So today we’re starting a new series of posts, debunking myths about Latvian genealogical research. I did this in brief five years ago, but now we are going to get more in-depth about each of these myths, addressing how they probably came about, why they continue to survive, and what the truth of the matter really is.
Today we are going to start with the big one, the one that prevents a lot of people from getting started with research into their Latvian families – they don’t get started in the first place because they don’t think there is anything to find.
Wanted: Latvian records. Often thought destroyed, they are still here!
As this blog can attest, these people are most definitely wrong! There are so many records out there. Of course, availability can vary, and I’ll address some of these issues below, but on the whole, there’s a huge amount of records out there, just waiting to be looked through.
So where did this myth come about? A big reason is because of Latvian history. They think, “Oh, there have been so many wars and occupations in Latvia. There’s no way any of the records survive.” I’ll admit, this myth caught me too at the outset. I didn’t know there was anything for me to find about my family. I’m glad I learned otherwise! While war and occupation can certainly lead to record destruction, it can also lead to record amounts of record survival as well.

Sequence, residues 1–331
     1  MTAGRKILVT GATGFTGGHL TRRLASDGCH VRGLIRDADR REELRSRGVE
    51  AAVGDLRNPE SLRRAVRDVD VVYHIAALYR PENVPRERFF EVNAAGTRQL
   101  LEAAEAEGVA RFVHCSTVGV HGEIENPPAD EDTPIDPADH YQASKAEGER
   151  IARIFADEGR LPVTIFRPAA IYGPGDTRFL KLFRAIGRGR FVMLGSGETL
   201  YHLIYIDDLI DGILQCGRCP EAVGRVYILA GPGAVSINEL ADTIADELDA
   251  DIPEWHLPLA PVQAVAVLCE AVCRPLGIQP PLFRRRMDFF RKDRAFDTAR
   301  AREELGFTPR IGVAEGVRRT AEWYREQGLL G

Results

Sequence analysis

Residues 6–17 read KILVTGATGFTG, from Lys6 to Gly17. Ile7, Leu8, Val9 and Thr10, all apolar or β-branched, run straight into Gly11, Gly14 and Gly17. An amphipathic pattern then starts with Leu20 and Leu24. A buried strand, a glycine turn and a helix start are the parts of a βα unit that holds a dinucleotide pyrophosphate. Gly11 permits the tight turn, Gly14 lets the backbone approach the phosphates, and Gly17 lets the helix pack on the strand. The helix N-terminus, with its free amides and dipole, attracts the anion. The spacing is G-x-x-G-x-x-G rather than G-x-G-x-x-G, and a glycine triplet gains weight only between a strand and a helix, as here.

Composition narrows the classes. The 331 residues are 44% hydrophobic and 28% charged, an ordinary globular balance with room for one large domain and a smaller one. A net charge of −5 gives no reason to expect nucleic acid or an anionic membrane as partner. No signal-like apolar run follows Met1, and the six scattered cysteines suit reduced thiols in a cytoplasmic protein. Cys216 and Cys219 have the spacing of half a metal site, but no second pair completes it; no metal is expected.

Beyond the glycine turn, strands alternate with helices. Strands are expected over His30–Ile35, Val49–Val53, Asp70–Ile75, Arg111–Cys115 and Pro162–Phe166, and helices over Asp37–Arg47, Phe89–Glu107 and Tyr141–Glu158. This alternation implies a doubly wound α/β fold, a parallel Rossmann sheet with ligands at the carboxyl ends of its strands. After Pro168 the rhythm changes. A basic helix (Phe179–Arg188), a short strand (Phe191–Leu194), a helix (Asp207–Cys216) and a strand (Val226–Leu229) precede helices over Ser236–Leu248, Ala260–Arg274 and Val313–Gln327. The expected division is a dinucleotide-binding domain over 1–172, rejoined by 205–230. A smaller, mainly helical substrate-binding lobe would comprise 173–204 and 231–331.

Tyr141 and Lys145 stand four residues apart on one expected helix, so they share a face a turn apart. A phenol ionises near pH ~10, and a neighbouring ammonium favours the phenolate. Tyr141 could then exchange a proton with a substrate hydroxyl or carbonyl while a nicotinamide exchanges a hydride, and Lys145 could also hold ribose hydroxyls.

That sounds backwards, I know. But for some documents – namely, the 1935 and 1941 census records – war and occupation are what saved them. A friend who works for the archives here in Latvia tells me that it was standard practice for the Latvian Statistical Office to destroy individual census forms after ten years. This is why we do not have the records for the 1925 census. On the other hand, the 1935 and 1941 census records survive, because by 1945 Latvia was under Soviet occupation, and they most certainly did not destroy records. Nor, incidentally, did the Nazis during their occupation. Totalitarian governments like the Nazis and the Soviets avoid destroying records whenever possible – the more they know about people, the easier it is to find and control them. The archives had a busy time during the Nazi occupation of Latvia, since many people had to use their holdings to prove their ancestry (it is a surviving document of this time period listing ancestry that kick-started my research into my paternal grandmother’s family). So just because there has been a war doesn’t mean that records aren’t still there!